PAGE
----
Deutch, Bonamici, Young Introduce Bill to Strengthen Investments in Marine Energy
Congressman Ted Deutch (D-FL), Congresswoman Suzanne Bonamici (D-OR), and Congressman Don Young (R-AK) introduced bipartisan legislation to increase federal investments in marine energy.
The Water Power Research and Development Act strengthens water power programs at the Department of Energy (DOE) and reauthorizes funding for research, development, demonstration, and commercialization of marine energy. Importantly, the bill authorizes funding for existing and new National Marine Energy Centers, including the Pacific Marine Energy Center – operated by Oregon State University, the University of Washington, and the University of Alaska Fairbanks – and Florida Atlantic University's Southeast National Marine Renewable Energy Center.
Our ocean covers more than 70 percent of the surface of our planet and can be used as a plentiful, renewable energy resource. According to DOE estimates, there is enough kinetic energy in waves and tides along U.S. coastlines to meet a significant portion of our nation’s power needs.
“In Florida, we’re surrounded by a powerful, renewable energy source that’s waiting to be harnessed," said Congressman Deutch. "Marine and hydrokinetic energy should be part of our national strategy to diversify our energy sources and include more renewables. This legislation would encourage and support the research, development, and implementation of the science and technology to ultimately connect marine and hydrokinetic energy to our electric grid. I'm proud of the innovative team at Florida Atlantic University’s Southeast National Marine Renewable Energy Center working to improve our understanding of the potential of recovering power generated by waves, currents, and tides."
“The power of waves, tides, and currents from our ocean can be captured and converted into clean, renewable energy to power our homes, buildings, and communities,” said Congresswoman Bonamici. “Marine energy is one of the last untapped renewable energy sources. It can play an important part in addressing the climate crisis, but it requires stronger federal investments. Our bipartisan Water Power Research and Development Act will help accelerate innovative research and development, like the work that is being done at Oregon State University and the Pacific Marine Energy Center, to help us transition to a 100 percent clean energy economy.”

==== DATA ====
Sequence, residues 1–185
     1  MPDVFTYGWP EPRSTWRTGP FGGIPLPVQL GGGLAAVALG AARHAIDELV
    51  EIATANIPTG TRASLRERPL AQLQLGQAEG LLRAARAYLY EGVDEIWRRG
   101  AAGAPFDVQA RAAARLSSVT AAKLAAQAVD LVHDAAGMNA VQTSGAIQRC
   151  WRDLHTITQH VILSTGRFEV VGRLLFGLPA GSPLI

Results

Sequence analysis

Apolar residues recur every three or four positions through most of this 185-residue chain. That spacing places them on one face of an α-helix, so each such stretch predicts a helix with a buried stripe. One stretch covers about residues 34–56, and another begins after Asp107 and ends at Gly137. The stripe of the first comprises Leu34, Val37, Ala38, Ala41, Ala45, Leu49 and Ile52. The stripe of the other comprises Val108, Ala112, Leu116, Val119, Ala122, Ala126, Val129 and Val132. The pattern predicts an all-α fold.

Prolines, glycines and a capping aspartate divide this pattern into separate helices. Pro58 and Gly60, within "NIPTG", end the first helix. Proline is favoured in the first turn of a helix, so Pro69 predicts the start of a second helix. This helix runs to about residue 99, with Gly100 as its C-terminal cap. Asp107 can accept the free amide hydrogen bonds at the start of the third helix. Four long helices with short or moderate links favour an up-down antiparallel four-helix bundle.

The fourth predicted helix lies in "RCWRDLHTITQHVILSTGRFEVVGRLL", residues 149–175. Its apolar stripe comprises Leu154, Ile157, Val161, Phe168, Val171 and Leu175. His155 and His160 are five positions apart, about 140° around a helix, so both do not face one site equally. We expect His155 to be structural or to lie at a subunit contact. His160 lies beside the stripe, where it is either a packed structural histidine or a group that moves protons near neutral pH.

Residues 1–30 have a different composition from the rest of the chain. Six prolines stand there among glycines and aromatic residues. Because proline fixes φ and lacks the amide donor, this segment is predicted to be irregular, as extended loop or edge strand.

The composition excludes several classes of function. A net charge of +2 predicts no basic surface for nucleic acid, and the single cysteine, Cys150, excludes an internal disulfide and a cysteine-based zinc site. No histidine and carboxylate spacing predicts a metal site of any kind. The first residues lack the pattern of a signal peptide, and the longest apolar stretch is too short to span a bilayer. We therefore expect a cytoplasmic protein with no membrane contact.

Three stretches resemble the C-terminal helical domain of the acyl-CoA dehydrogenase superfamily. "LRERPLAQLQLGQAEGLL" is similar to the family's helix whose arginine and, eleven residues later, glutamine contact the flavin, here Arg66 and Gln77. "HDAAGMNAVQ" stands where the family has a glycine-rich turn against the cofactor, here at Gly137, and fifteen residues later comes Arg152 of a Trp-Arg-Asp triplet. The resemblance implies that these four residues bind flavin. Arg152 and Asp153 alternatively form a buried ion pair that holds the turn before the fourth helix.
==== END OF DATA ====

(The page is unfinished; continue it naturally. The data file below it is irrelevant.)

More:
“I have long supported harnessing Alaska’s vast hydropower capabilities, and was proud to support projects such as the Terror Lake Hydroelectric Plant and the Swan Lake Hydroelectric Project,” said Congressman Young. “Hydropower is an important energy resource, and we should be doing all that we can to empower communities in Alaska and across the country to pursue opportunities in hydropower. This is a very good bill, and I want to thank my good friend Congresswoman Suzanne Bonamici for her leadership on this crucial effort.”
In addition to supporting marine energy, the Water Power Research and Development Act takes steps to enhance and decarbonize maritime energy infrastructure, including port infrastructure, to improve resilience for disaster preparedness or extreme weather events in the climate crisis. The bill directs the DOE to work with other federal agencies to make sure that hydropower technologies, including pumped storage, do not jeopardize the integrity of marine environments and the well-being of fisheries. It also supports education and outreach activities to strengthen workforce development and training to further deploy water power technologies.
The bill is also cosponsored by Science Committee Chairwoman Eddie Bernice Johnson (D-TX), and David B. McKinley (R-WV).
Last year, Congressman Deutch introduced the Marine Energy Research and Development Act to promote marine energy programs as a clean and cost-effective energy source.